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GOP convention starts with a focus on national security, Benghazi

The Republican convention kicks off Monday with a spate of military and veterans speakers laying out party nominee Donald Trump's national security plans to "Make America Safe Again."

The presentation won't be aimed solely at service members and their families, but likely will be the day that shows troops what priorities and goals the controversial business mogul will focus on as commander in chief.

It will also be an opportunity for several rising stars within the party's defense community to display their credentials to a national audience.

Iowa Sen. Joni Ernst, a National Guard lieutenant colonel who led a combat combat support battalion in Iraq, and Montana Rep. Ryan Zinke, a 22-year Navy SEAL who led special operations personnel in Iraq, will deliver prime time speeches Monday touting their credentials and praising Trump's plans to rebuild the military.

Party operatives have also dubbed Monday as "Benghazi Day" at the convention, with plenty of attacks on Democratic presidential nominee Hillary Clinton for her oversight role in the 2012 attack on a American diplomatic compound in Libya that killed U.S. Ambassador Chris Stevens.

Among the speakers expected to criticize her response as secretary of state in the tragedy are Pat Smith, the mother of a U.S. foreign service officer killed in the attack, Marine Corps veterans John Tiegen and Mark Geist, who as security contractors were involved in the fight.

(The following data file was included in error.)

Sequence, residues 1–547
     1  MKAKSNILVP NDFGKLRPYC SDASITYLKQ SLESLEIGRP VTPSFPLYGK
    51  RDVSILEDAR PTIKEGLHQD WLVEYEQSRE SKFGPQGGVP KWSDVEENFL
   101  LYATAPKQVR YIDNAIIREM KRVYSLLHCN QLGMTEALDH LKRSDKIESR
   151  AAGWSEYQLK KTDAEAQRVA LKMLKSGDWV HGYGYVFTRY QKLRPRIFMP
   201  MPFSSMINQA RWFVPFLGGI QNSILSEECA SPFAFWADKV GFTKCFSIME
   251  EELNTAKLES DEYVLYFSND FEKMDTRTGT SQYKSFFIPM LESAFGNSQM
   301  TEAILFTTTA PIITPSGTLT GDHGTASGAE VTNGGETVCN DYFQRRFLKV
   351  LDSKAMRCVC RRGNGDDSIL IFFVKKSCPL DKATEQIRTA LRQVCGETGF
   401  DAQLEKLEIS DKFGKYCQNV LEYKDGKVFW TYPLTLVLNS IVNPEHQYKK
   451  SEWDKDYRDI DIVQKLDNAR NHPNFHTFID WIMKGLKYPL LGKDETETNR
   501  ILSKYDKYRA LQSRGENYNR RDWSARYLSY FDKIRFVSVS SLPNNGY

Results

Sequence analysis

Trump has made rebuilding the military a key point of his regular stump speeches, often noting that the armed forces "don't win anything anymore."

Campaign officials said in a statement that as president, Trump will "listen to and learn from our nation's heroes who have put themselves in harm's way and pursue a national security strategy and foreign policy that will strengthen our military and make America safe again."

It's unlikely that officials will outline clearer how Trump will pay for the massive expansion in shipbuilding, new aircraft purchases and end-strength increases that he has promised in recent months.

Trump campaign manager Paul Manafort said the goal of the week is not to detail new specifics for the candidate's plans but to help the American public "better understand the breadth of the man himself" as well as highlight "the failed policies of the (President Barack) Obama and Clinton administration."

That will include immigration, border security and the recent violence against law enforcement in cities across America, as well as international terrorism and threats.

The biggest headliner on the convention's national security day may not have anything to say about security at all. Would-be first lady Melania Trump is scheduled to address the crowd in what will be her biggest national address yet, offering a more personal view of the candidate and giving voters a look at what her role might be in a Trump White House.

Other celebrities are also scheduled throughout the day, including Duck Dynasty personality Willie Robertson, actor Scott Baio, and former New York City Mayor Rudy Giuliani.

Trump is not scheduled to address the convention until Thursday, but campaign officials have been coy about exactly when he will arrive in Cleveland and whether his role could include other appearances earlier in the week.

When asked how tightly scripted Trump's remarks would be, Manafort hinted at convention surprises to come and said that "Donald Trump will be Donald Trump."

Leo Shane III covers Congress, Veterans Affairs and the White House for Military Times. He can be reached at lshane@militarytimes.com.

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